"My own position at the threshold of Christianity was exactly the opposite of yours. You wish it were true; I strongly hoped it was not. At least, that was my conscious wish...One never knows all one's wishes. What I think one can say with certainty is this: the notion that everyone would like Christianity to be true, and that therefore all atheists are brave men who have accepted the defeat of all their deepest desires, is simply impudent nonsense. Do you think people like Stalin, Hitler, Haldane, Stapledon (a corking good writer, by the way) would be pleased on waking up one morning to find that they were not their own masters, that they had a Master and a Judge, that there was nothing even in the deepest recesses of their thoughts about which they could say to Him `Keep out! Private. This is my business'? Do you? Rats! Their first reaction would be (as mine was) rage and terror."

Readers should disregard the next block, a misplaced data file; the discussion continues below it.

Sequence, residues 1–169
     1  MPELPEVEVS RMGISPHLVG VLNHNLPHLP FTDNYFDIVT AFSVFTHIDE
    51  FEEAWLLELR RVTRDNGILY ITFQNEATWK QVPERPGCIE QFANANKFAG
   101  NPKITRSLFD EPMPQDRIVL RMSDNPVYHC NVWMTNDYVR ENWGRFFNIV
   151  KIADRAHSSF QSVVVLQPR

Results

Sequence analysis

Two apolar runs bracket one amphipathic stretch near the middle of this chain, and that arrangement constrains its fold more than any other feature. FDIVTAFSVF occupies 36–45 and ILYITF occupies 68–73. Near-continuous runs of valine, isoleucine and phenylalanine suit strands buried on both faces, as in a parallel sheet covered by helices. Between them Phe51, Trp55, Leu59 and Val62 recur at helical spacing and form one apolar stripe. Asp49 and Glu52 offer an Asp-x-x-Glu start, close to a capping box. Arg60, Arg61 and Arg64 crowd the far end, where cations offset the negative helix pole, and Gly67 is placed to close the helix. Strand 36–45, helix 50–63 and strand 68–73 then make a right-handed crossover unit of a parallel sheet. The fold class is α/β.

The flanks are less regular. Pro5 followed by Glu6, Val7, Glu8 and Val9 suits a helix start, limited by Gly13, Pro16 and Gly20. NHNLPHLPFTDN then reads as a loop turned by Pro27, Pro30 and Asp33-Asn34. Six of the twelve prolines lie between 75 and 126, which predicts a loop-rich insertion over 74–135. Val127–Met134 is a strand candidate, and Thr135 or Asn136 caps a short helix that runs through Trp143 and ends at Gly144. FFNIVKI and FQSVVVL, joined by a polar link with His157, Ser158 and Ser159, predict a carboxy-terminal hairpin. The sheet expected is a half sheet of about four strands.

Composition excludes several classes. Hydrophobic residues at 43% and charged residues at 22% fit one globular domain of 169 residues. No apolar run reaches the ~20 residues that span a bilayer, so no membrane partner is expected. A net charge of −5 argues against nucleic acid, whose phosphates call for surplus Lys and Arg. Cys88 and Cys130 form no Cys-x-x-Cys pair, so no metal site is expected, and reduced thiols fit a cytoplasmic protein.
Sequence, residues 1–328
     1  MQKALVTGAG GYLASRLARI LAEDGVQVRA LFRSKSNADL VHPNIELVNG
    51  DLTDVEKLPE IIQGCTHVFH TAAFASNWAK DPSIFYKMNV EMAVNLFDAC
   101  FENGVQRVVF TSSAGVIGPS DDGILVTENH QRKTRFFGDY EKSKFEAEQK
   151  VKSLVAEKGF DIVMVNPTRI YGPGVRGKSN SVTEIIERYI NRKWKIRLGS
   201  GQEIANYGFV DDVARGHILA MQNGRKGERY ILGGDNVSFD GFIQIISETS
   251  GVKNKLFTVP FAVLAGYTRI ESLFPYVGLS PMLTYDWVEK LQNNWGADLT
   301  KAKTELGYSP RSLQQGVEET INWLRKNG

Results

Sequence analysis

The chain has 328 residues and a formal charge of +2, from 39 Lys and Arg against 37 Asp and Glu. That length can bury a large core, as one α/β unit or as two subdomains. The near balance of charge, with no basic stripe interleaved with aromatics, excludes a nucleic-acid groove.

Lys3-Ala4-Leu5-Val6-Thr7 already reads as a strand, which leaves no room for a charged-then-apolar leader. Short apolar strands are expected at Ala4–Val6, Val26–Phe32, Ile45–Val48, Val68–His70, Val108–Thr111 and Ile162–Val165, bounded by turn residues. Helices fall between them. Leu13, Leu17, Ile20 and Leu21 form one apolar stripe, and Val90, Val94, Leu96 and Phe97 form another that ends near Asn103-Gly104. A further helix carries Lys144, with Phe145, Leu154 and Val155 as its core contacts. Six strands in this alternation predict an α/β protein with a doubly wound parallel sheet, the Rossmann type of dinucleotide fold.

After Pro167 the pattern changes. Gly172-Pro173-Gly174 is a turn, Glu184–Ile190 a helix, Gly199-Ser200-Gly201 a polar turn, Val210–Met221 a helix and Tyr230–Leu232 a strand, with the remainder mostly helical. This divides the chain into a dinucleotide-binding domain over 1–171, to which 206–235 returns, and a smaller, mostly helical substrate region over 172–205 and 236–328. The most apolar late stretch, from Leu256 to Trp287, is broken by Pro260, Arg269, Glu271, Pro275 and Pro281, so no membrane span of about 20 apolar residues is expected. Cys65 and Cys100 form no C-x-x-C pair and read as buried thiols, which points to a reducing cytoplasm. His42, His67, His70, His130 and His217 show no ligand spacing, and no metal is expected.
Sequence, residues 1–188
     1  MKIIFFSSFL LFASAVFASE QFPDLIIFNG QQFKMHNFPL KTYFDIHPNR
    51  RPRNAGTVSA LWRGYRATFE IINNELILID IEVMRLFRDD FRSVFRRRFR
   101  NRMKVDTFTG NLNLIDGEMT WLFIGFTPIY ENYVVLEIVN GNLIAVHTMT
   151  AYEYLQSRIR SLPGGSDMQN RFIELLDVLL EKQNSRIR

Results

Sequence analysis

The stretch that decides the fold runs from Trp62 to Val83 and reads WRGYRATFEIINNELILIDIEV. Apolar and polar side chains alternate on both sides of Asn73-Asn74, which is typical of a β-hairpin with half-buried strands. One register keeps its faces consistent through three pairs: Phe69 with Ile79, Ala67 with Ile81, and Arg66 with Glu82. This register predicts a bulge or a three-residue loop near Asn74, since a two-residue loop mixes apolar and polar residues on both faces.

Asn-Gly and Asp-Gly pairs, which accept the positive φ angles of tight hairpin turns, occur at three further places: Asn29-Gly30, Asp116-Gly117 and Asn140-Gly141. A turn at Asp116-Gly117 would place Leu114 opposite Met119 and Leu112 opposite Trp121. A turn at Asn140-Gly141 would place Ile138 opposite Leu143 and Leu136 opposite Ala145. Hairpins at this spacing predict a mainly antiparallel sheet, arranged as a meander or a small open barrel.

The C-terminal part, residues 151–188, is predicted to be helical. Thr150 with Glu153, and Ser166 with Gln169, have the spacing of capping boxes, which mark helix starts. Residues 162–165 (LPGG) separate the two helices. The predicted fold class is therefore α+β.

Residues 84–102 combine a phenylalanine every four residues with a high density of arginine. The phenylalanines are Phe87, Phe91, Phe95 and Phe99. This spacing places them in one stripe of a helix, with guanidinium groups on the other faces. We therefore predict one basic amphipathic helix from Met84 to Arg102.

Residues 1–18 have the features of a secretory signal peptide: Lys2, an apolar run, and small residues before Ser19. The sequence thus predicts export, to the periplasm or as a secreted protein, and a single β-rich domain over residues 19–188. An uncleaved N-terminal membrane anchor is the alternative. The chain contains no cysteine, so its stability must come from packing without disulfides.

- C.S. Lewis, Letter to Vanauken I
... the greatest joy of staying in East Belfast, near the shipping docks where the Titanic was built, is that I am lodging across the street from the birthplace and childhood home of C.S. Lewis and his brother Warnie. This was an amazingly pleasant surprise; the dear man raised me. There was nothing else to do upon discovering this wonderful fact of his nearness than to venture out on as many expeditions in his footsteps as possible: to dinner at the Old Inn in Crawfordsburne, where Lewis honeymooned with Joy Gresham, and then to the glorious Giant's Causeway Coast, where I am sure he trecked, and stumbled upon his lifelong love affair with bracing winds, northerliness, and holiness.